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Do cats have a sixth sense?

Posted Friday, July 27, 2007, at 8:15 AM

Yesterday my daughter emailed me a cat story which has since made the news, big time. I hope the Providence Rhode Island nursing home where the cat lives is not deluged with reporters from all over the country!

It seems that a cat named Oscar has a remarkable record in predicting when death is near. In fact, he's being called the "death cat," a rather morbid name for what seems to be a compassionate attitude on the part of a feline. He jumps up on the bed of residents and lies down beside them about four hours before they die. He seems to have "predicted" the deaths correctly in 25 cases in the two years that he's been a companion animal in the facility.

Now the kitty is famous, and we can only hope that this fame doesn't screw up the kitten's "job," which he reportedly takes very seriously.

You can see the story on CNN.com/2007/US/07/25/death.cat.ap/index.html.

It reminds me of my mother's little yellow and white cat named Esmerelda. We nicknamed her "Nurse Maid Cat," because she took diligent care of mom in her last two years of recuperating from drastic cancer surgery.

Esmerelda would come meow at Mom to remind her it was bedtime, and the little cat would lead her down the hall to bed, stopping and looking back if she was slow (which she always was). Esmerelda slept on an old sweatshirt that Mom placed on the foot of her bed.

Whenever my sister packed our mother's wounds, the little cat would sit up by Mom's head and "talk" to her. How my mother loved her!

After Mom died last year, Esmerelda mourned with the rest of the family. It took a long time for her to return to her pre-sick house attachment for my sister.

My own cats seem to know when I'm sick. One year I spent the entire Christmas vacation with some kind of flu bug that knocked me out. My two cats literally camped out on my lap, as I leaned back in my recliner under blankets.

I really do believe that cats (and dogs, too) have a sixth sense that tells them when something is wrong with their humans.


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Hahahaha! I knew someone would come up with the idea that the cat was actually murdering the nursing home residents!!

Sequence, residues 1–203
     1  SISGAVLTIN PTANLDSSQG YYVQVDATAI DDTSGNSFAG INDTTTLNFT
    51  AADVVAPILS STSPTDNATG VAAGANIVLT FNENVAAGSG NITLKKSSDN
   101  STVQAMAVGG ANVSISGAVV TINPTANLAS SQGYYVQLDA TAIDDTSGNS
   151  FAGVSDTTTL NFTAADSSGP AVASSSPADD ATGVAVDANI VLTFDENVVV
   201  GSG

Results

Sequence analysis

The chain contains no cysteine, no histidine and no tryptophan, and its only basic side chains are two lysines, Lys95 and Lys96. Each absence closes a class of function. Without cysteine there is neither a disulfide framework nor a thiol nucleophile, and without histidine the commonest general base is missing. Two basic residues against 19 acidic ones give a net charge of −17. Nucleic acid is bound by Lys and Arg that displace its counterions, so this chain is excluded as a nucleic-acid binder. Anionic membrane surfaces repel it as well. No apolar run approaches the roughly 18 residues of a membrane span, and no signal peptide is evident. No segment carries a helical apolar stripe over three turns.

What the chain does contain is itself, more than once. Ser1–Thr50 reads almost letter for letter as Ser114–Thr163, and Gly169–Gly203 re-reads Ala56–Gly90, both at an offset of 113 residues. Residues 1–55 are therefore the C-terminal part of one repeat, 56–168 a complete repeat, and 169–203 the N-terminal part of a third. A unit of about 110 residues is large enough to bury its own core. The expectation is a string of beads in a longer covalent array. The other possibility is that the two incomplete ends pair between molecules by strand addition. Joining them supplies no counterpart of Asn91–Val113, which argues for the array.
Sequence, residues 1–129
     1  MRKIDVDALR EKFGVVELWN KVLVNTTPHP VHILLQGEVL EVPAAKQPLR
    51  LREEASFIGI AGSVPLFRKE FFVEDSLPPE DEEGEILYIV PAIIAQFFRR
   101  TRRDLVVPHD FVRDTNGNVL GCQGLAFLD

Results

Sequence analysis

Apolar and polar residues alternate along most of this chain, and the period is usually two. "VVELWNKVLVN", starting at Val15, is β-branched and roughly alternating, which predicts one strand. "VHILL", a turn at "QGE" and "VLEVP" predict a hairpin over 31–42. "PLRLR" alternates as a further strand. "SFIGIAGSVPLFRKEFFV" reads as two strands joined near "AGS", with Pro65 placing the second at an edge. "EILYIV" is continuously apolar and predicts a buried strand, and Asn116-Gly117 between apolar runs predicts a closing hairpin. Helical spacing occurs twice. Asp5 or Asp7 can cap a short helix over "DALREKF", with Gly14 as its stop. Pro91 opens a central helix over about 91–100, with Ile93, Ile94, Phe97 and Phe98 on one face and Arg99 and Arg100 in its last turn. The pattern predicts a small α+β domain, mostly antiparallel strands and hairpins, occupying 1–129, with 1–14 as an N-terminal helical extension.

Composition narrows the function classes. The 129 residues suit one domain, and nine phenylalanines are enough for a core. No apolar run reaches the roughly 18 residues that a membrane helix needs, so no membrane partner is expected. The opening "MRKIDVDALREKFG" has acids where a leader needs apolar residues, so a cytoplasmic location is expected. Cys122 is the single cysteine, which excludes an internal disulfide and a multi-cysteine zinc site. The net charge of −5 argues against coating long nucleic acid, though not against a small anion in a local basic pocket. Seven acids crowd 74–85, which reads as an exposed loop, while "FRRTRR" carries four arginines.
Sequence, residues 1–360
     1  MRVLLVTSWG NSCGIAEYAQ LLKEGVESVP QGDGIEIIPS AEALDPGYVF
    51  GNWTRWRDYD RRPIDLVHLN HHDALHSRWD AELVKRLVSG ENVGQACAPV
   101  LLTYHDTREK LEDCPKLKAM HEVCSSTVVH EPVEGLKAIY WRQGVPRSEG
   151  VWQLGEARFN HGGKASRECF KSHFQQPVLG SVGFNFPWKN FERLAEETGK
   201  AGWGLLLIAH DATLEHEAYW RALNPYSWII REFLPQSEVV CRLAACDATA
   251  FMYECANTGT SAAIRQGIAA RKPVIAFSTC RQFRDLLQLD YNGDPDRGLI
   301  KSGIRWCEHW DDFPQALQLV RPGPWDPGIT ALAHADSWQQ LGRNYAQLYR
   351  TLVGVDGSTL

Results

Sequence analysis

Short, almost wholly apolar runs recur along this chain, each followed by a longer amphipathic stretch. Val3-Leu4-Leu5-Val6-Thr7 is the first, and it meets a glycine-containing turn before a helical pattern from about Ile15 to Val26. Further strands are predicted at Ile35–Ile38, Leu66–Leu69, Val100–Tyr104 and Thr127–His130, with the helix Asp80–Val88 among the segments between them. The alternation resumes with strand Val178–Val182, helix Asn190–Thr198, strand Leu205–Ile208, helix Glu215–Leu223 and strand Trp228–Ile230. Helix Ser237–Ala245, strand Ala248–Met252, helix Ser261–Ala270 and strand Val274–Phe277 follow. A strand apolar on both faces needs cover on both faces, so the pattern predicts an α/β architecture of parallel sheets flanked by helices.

Leave it to the cake lady to think outside the litter box!

-- Posted by goat lady on Thu, Aug 2, 2007, at 9:31 PM

Sorry folks, but I just have this vision of Oscar cuddled up on the bed with his furry little paws covering the patient's mouth. Does someone actually WATCH this cat? Just curious. Guess I'm just a dog person.

-- Posted by letseatcake633 on Thu, Aug 2, 2007, at 8:27 PM

What happened to her cats when she died?

-- Posted by goat lady on Sat, Jul 28, 2007, at 5:20 PM

I had a lady on my mail route that had 70 cats, she was known as the cat lady, any one that wanted to get rid of any cat just dropped them off at her house they were welcome and they were well taken care of she had a little vw and when she went to the pet store she loaded that car full of food what a gal her name was Edith Clark sure miss her.

-- Posted by rusty nail on Sat, Jul 28, 2007, at 3:30 PM

Rupert Sheldrake's research and ideas may seem odd to linear thinkers, but they are consistent with the way the world works, and the way that new discoveries are made. Can you imagine the ridicule endured by the first person who suggested making a clear hard substance out of sand? But glass is about 70% sand.

If linear thinkers had devised snowflakes then each one would be the same, just like a McDonald's hamburger is whether it is bought in Advance or Moscow or Paris. Yuck. Thank goodness nature isn't linear, so we are blessed with each snowflake being a unique creation. Think about it. How many straight lines are there in nature? Dang few. Take a 12" straight edge during a walk and compare it to every natural object you encounter. I'll bet dollars to donuts that you won't find anything that matches perfectly to the straight edge. Nature ain't straight, its curvy and goes all which way. You could say that Sheldrake thinks in curves, so he is open to considering and exploring ideas that to some people might seem a bit odd.

Sheldrakes's website even has an article that the research of one of his major detractors fully supports Sheldrake's investigation into the ability of dogs to sense when their "owner" leaves someplace to head home.(Please, if someone has a better word than "owner" let me know. Do you see the dog feeding or brushing or bathing or paying the doctor bills of its "owner"? NOOOOO. So if anything the dog is the master of its so-called "owner.")

It isn't just dogs and cats, etc. that have interesting abilities. Sheldrake has also investigated such things as the phenomena of a person sensing when someone is standing behind him or her, and people knowing when they are being stared at.

I don't see any similarity between Sheldrake and L Ron Hubbard. Sheldrake is a serious researcher, and Hubbard was a struggling science fiction writer who was smart enough to figure out there was more money and prestige in creating a religion.

We should thank Oscar for helping to stimulate interest in sensory abilities that may only seem mysterious because we don't understand how they work.